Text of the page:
TAMPA — State Sen. Ronda Storms, seeking to unseat Hillsborough County Property Appraiser Rob Turner and run the $11 million agency in the wake of his porn-sending scandal, has had some property challenges of her own.
Storms was part owner of a $685,000 Longboat Key waterfront condominium that faced a foreclosure action in 2009. The senator, her husband, a brother-in-law and his wife managed to unload the condo in a short sale six months later for less than half the original purchase price — or $320,000.
Turner said in a written response to questions that the Storms family found itself in a situation faced by many in recent years.
"However," he wrote, "leading the Property Appraiser's Office requires a high level of fiscal responsibility, expertise and discipline to ensure proper administration of the $11-million budget funded by taxpayer dollars."
In another part of the same interview, he noted Storms' misspelling of the office she is seeking as "property apprais" on a candidate filing form. The filing looks as though she may have gotten distracted, because she spelled the office correctly in other paperwork.
Storms dismissed the broader assessment in an interview Monday. She jumped into the property appraiser race after the Tampa Bay Times reported that Turner admitted sending pornographic emails to his former human resources director, whom he once dated and has since fired.
Turner has said his emails to Carolyn Filippone were part of a consensual exchange during off-work hours using their own equipment and that his conduct was a personal mistake.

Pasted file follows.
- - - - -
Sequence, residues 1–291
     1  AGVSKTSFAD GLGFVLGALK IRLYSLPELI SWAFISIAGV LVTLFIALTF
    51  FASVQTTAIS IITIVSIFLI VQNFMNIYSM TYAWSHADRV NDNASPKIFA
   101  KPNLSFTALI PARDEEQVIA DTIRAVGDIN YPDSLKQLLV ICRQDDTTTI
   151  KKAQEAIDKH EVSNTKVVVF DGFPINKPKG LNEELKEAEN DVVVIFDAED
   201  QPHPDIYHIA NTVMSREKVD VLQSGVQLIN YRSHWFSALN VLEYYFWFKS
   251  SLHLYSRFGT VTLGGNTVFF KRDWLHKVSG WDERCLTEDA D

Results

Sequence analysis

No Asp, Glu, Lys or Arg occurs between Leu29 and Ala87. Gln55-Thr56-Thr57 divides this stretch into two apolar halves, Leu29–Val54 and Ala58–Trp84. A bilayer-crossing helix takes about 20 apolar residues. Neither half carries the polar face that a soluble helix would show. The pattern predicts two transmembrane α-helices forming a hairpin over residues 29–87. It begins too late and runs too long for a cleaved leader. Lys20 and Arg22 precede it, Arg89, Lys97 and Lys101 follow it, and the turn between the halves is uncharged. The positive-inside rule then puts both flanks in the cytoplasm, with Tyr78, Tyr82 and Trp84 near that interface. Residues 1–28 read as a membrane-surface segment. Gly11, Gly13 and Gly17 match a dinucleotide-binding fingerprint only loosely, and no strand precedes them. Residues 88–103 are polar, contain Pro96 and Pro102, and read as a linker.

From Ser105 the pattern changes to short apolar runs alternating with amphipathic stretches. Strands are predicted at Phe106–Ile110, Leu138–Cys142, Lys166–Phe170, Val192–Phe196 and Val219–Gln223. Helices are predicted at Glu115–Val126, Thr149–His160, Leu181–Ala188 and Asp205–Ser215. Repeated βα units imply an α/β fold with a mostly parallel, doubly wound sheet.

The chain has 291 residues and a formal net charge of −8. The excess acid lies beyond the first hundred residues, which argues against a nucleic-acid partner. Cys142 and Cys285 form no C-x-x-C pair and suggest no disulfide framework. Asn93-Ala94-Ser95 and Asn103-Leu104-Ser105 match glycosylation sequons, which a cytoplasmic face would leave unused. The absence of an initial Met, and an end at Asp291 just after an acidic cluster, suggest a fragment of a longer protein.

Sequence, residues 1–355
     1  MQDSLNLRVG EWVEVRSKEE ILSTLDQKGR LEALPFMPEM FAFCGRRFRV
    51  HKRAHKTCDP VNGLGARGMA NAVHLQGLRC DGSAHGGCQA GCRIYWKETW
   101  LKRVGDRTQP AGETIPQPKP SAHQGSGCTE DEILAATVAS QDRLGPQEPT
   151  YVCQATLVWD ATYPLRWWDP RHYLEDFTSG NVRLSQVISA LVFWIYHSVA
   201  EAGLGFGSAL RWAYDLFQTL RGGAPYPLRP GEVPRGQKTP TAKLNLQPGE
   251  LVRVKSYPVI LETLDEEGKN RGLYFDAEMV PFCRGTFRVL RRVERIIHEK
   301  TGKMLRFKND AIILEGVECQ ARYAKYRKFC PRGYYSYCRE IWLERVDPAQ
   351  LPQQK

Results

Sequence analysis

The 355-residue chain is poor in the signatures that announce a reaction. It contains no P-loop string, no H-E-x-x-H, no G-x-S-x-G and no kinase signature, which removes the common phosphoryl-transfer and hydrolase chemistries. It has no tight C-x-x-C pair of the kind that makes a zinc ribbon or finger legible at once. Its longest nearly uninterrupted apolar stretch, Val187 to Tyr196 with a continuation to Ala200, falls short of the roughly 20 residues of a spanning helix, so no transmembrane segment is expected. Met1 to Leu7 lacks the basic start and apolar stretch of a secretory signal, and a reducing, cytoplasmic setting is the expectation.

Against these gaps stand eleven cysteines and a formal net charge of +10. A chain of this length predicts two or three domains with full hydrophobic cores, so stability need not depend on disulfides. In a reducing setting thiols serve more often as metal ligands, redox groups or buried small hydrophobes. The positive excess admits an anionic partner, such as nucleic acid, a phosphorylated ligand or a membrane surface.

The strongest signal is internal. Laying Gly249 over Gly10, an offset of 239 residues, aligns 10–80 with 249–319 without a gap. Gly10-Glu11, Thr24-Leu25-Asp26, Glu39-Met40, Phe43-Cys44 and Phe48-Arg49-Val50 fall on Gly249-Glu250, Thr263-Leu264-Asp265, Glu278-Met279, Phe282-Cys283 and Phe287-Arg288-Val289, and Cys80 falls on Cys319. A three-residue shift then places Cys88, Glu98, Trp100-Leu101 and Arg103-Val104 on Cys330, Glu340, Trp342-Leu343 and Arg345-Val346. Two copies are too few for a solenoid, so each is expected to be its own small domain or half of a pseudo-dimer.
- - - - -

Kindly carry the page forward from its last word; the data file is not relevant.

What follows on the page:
He has since faced questions about how often he is out of the office traveling on behalf of an international assessor's organization, including a recent trip to China.
Those details are relevant, said Storms, who faces Turner in the Aug. 14 Republican primary.
"Whether I will be in the office. Whether I will be in China. Whether or not I have engaged in an improper relationship with my human resource director.
"I understand that my opponent is going to use everything at his disposal because he's in a very difficult position," Storms said. "I certainly do not think (a foreclosure action) is related to being the property appraiser."
Manatee County records show the Storms family members bought the 760-square-foot, second-floor unit in the two-story Silver Sands in March 2005. They took on a $525,000 adjustable-rate rate mortgage and a home equity line of credit for up to $75,000.
Images show a modest complex surrounding a pool in what resembles a motel.
"It was nothing fancy," Storms said.
Under terms of the mortgages, the condo was to be for their personal use only. It could not be used as a rental property. Storms included a half-stake in the condo as an asset in annual state-required financial disclosure forms in both 2006 and 2007, though not afterward.
In January 2009, lender Bank of New York Mellon Trust Co. filed notice that it intended to foreclose on the property after not having received loan payments since the prior August.
Storms said she and her family members attempted to negotiate with the bank by seeking to have the mortgage terms changed so that they could rent out the unit. But she said bank officials never responded to their request.
"As I understand it, we did everything we could do to make sure the bank was made whole," she said.
The family was able to execute the short sale in June 2009. The bank dismissed its lawsuit.
Storms said her family was caught in a situation similar to many others.
They invested at a time when values seemed to be ever rising, then the market crashed, which hurt her family, like others. Her husband runs a landscaping business that has seen business decline as construction of new homes stalled.
"It gave me a very good understanding as to what was happening in the bad economy as it related to the mortgage industry and the way the banks dealt with their debtors," Storms said.
She and her husband own a primary residence in Valrico and adjacent, undeveloped land.
Times researcher John Martin and staff writer Mark Puente contributed to this report. Bill Varian can be reached at [email protected] or (813) 226-3387.